Second, there are issues that the Palestinian side cannot decide alone. Let me give you an example; the issue of the refugees, you cannot decide this issue without Jordan, Syria, Lebanon, and Egypt. These are the rights of citizens, the rights of peoples, and the right of the host country. Therefore, you need these sides. Also some international sides ought to be informed step by step as we proceed.

This also applies to the issue of Jerusalem in which we need indirect participation by the Arab and Muslim countries.

The same applies to security. Israel talks everyday about security, and has transformed it into a condition for negotiations. There ought to be an understanding of the issue of security at the regional level.

I do not call for partnership at the negotiations table, but there has to be participation and a change of mechanism.

[Asharq Al-Awsat] But you are talking about the most important sovereignty issues in the negotiations?

[Quray] Yes, (the decision) is ours, but we cannot contract it on our own. We want Arab, regional, and international sides to be present with us. We ought to depart from the logic of bilateral negotiations. This is no longer beneficial, and for this reason these bilateral negotiations one time are transformed into overview negotiations, and another time are exploratory negotiations. If there are negotiations, let them be through the new mechanisms.

[Asharq Al-Awsat] Had you been still the chairman of the negotiating team or had you had the power to decide, how would you act now?

[Quray] I am not saying that our stance is correct. The condition of halting the settlement activities is right and correct. However, it is important to say that I will not under any circumstances recognize any settlement bloc that has been built on the 1967 territories, and I will never accept it. Syria has not said stop the settlement activities, but it said no settlements after the agreement. Egypt did not say, for instance, stop the building activities in Yamit (settlement in Sinai), but when the situation was resolved the settlement was demolished. In Gaza, have they [the Israelis] not left it? Therefore, our stance ought to be clear, but without making it understood that the required amendments are in exchange for the settlements.

[Asharq Al-Awsat] But the Israelis say that you have agreed that the settlements can stay in exchange for land?

[Quray] The PA has not agreed to this not even once.

[Asharq Al-Awsat] Have they not agreed even that principal settlements can stay?

[Quray] No, no, in Camp David we said there can be amendments to the borders. Let me be frank, neither Abu-Ammar (Yasser Arafat), nor Abu-Mazin (Mahmud Abbas) agreed that settlements could stay.

[Asharq Al-Awsat] Then, you are in favor of announcing a categorical stance toward the settlements and going to the negotiations?

[Quray] Of course, if there are clear mechanisms I am not against the negotiations.

[Asharq Al-Awsat] But is this not a new experiment?

[Quray] No, no, the international community will be present, the International Quartet and Arab and regional sides, and also there will be a time limit.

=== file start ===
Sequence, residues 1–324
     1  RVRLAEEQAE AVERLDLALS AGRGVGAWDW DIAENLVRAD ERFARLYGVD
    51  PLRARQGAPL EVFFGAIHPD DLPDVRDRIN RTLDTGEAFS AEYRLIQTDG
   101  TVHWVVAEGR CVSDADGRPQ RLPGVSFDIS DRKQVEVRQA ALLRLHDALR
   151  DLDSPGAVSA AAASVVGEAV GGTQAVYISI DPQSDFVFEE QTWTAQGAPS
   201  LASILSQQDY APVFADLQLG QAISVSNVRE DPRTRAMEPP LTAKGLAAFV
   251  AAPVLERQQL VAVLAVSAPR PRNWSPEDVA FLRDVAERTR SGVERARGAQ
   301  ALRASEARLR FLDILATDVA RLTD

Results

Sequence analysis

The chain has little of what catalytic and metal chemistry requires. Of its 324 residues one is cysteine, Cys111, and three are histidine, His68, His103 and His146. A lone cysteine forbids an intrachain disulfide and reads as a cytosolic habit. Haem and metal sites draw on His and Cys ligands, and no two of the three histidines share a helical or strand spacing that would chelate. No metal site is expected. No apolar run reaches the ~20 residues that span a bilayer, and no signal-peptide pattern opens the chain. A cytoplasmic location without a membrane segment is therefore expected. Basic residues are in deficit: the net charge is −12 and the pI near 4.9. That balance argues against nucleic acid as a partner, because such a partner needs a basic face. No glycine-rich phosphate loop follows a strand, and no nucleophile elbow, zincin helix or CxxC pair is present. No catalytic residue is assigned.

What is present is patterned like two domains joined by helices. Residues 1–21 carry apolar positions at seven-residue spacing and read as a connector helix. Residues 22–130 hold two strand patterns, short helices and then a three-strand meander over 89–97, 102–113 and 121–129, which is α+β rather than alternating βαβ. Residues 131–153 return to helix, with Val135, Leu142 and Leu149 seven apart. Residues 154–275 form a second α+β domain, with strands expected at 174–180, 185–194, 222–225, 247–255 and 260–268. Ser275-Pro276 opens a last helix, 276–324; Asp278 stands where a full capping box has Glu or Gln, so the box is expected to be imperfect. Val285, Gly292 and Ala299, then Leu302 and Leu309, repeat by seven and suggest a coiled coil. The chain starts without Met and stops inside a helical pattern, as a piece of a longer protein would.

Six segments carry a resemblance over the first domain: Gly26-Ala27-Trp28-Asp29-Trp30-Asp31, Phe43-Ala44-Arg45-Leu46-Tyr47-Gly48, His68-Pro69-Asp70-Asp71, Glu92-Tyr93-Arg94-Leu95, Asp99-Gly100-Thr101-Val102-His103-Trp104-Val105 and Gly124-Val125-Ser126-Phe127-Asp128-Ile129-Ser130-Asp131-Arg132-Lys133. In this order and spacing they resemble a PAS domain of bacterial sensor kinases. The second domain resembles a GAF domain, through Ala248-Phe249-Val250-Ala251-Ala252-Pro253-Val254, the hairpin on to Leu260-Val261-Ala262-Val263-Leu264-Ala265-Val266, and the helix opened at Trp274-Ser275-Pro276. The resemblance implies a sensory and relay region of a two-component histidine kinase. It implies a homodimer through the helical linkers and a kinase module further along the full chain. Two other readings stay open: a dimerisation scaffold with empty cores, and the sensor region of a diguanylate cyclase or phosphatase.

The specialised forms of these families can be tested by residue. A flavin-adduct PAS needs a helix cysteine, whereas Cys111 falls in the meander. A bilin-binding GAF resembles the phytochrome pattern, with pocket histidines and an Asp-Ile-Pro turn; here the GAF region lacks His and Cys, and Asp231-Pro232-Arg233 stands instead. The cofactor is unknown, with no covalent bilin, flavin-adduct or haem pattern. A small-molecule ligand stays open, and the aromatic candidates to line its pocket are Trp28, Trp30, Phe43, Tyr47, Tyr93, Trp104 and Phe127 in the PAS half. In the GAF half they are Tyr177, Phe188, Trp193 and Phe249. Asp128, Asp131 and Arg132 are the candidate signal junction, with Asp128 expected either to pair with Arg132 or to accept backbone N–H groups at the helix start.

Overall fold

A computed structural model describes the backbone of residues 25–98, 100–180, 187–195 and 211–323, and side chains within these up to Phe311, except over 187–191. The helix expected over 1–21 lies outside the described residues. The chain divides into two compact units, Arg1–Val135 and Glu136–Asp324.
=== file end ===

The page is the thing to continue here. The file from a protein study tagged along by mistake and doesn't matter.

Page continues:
[Asharq Al-Awsat] But rather than doing this, the PA has addressed a letter to Israeli Prime Minister Binjamin Netanyahu. Have you seen it?

[Quray] Not at all, I heard about it the same as you have.

[Asharq Al-Awsat] Are you in favor of sending it?

[Quray] God willing, it will lead to a result. Our stance is known, and Netanyahu’s stance has become known.

[Asharq Al-Awsat] Netanyahu has said that he will reply with a letter. In your opinion, will this lead to negotiations through letters?

[Quray] I do not know how that will be. However, he answered in advance saying no to the return of the refugees, no to Jerusalem, and that the settlement blocs will stay. Therefore, he has answered.

[Asharq Al-Awsat] Do you mean that the step is futile?

[Quray] God willing, it will be useful.

[Asharq Al-Awsat] Do you have other options that could have been activated rather than, for instance, the letter?

[Quray] Of course we have options. We have a cause and we do not lack options.

[Asharq Al-Awsat] What are the options that you consider that they have not been used?

[Quray] Popular resistance, for instance, is an important option. Consolidating the Palestinian presence, providing its requirements, and strengthening it, is also an important option. Also the option of a state for two peoples, a single democratic state is also an option. Our options exist as long as our national rights are not fulfilled.

[Asharq Al-Awsat] You talk about the one-state solution; do you consider it possible to apply?

[Quray] This has been a Fatah project since 1967, a secular democratic state in which the Muslim, the Christian, and the Jew coexist. This originally is a Fatah option, but it was amended in 1974 when it started to talk about the establishment of a state on any part from which the occupation withdraws, and hence the National Council adopted its resolution in 1988 to establish a Palestinian St ate. Later on, the negotiations started on the basis of the National Council resolution. However, I say if this vision is not achieved, what can we do? We can activate our other options, including the one-state option. We – this generation – might not be able to fulfil the aspirations of the people, but we should not squander them. The options ought to remain open to the people.